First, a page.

"The dotted lines around each rider/character suggest it was some kind of pull-out poster for children (or nostalgic road-racing fans)." - Rapha
Arguably this is an infographic, but when you say that in 2014 all I think of is the stereotypical.
This poster was made before that word existed (i think), and is mainly illustrations. That’s why I like it. It’s accessible because it looks as if you could assemble it into some sort of game on your kitchen table. Plus, it communicates a truthful picture of any big cycling event (just lots of guys on bikes, and other guys shouting and chasing them around in cars).
Other stuff that could use this art direction: Rambo: First Blood, The Olympics, The Middle East, Oliver Twist

"The dotted lines around each rider/character suggest it was some kind of pull-out poster for children (or nostalgic road-racing fans)." - Rapha

Arguably this is an infographic, but when you say that in 2014 all I think of is the stereotypical.

This poster was made before that word existed (i think), and is mainly illustrations. That’s why I like it. It’s accessible because it looks as if you could assemble it into some sort of game on your kitchen table. Plus, it communicates a truthful picture of any big cycling event (just lots of guys on bikes, and other guys shouting and chasing them around in cars).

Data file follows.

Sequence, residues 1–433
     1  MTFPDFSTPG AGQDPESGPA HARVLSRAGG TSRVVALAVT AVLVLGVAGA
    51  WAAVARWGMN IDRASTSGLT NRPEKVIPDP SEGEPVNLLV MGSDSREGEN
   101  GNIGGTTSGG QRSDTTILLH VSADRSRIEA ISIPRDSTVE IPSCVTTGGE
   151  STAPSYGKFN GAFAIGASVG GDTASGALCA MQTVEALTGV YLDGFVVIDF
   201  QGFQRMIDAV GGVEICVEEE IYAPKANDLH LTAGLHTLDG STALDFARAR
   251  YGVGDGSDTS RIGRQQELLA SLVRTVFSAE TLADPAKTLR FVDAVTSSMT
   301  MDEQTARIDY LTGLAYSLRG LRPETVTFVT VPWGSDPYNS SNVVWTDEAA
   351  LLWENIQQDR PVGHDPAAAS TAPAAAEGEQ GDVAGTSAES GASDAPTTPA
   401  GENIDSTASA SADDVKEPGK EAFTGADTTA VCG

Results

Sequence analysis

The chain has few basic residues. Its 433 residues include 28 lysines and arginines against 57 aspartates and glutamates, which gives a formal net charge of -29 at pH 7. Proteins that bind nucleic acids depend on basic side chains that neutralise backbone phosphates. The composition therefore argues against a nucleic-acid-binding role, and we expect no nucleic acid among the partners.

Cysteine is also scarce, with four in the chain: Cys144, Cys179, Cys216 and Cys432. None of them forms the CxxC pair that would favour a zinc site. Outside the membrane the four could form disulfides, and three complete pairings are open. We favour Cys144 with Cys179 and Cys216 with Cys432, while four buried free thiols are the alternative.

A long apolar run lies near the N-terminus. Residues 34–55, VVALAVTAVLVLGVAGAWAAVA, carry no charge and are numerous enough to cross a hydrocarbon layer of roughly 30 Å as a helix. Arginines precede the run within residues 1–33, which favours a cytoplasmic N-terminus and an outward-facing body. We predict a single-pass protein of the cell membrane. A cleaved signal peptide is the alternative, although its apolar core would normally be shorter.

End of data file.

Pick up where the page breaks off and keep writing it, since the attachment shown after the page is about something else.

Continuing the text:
Other stuff that could use this art direction: Rambo: First Blood, The Olympics, The Middle East, Oliver Twist

So does that new technology mean I don’t have a purpose anymore?

image

I can’t see into the future, but…

I’m confident our voices will become the dominant, primary mode to interface with machines. That is, in the consumer context, to quickly access relevant, useful information. Watching my 8 year old cousin ask a tablet “is there going to be a thunderstorm tonight?” and immediately getting an answer, crushes any doubt that this technology will prove itself. 

But how does this affect me?! Will this move the centre of gravity away from designers and back into the able hands of the engineers (*booming thunder and evil laugh*)? No, not necessarily.

The definition of digital design is painfully incomplete. The way designers market themselves and their services is even more opaque. Yeah, transparency is scary, especially for creatives, and it’s much easier to throw a smoke bomb than to explain or question yourself.

But, however painful, you have to define what your mission is. The point of this exercise is to make sure your course is always correct. At worst, you can hold on and continually weather the storm, catching up with trends and methods as they fly past. At best you see over the waves and change direction. Basically just stuff like: Why are a designer? What are you are helping fix? What can you do that others can’t? Why are you a designer (or lumberjack, or pastry chef)? If you don’t know what you’re doing, how will you ever achieve x? 

But within the design industry especially, it’s very difficult to hear above the din of twitter and medium, and find true north for yourself (last nautical analogy). For me, this essay is something that I’d refer to, to help recalibrate.